UOB AUD buying rate today was 1.111 - the mid market rate was 1.153 about 3-4% spread.

I think I will do an experiment to check next time I travel.

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Postby durain » Thu, 11 Sep 2008 12:31 am

nope, my VISA card is zero percent and zero fees. no load or spread. the rate i get is interbank rate. most of the time, i just use my VISA card to withdraw cash from any ATM, worldwide. i get the same rate for purchase.

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Postby bruinbear » Sun, 14 Sep 2008 6:14 pm

I thought most people here don't pay any annual fees for their credit cards. They just call the bank to threaten to cancel it and they'll almost surely get a waiver.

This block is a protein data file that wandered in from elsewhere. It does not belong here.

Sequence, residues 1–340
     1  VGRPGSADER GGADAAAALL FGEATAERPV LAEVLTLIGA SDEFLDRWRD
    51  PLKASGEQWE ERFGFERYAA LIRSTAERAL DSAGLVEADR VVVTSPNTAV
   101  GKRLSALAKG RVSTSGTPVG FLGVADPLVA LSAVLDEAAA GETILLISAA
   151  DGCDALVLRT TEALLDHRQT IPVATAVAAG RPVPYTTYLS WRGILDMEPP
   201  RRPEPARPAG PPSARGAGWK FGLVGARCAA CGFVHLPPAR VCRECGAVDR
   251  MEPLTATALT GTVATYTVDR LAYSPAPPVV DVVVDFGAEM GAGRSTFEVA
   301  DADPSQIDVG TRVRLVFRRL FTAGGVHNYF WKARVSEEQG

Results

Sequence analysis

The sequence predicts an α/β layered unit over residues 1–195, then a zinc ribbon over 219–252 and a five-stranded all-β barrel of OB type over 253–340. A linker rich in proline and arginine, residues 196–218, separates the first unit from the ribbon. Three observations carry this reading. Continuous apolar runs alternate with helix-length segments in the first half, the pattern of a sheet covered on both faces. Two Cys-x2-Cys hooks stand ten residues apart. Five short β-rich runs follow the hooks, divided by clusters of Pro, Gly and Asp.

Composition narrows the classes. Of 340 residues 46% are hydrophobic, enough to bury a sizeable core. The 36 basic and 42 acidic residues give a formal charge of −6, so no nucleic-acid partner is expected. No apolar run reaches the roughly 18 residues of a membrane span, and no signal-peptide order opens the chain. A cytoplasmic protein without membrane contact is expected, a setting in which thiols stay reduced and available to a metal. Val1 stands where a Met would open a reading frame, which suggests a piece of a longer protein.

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Postby durain » Sun, 14 Sep 2008 7:55 pm

i will give that a try with my Centurion Card, but somehow i dont think they will budge.

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Postby Strong Eagle » Sun, 14 Sep 2008 8:02 pm

durain wrote:i will give that a try with my Centurion Card, but somehow i dont think they will budge.


I've done this for years with my American credit cards that charge renewal fees, mostly Amex. I have never paid an annual fee. I've never tried this in Singapore but it sounds like a great idea. I think that success will depend, in part, on your credit worthiness.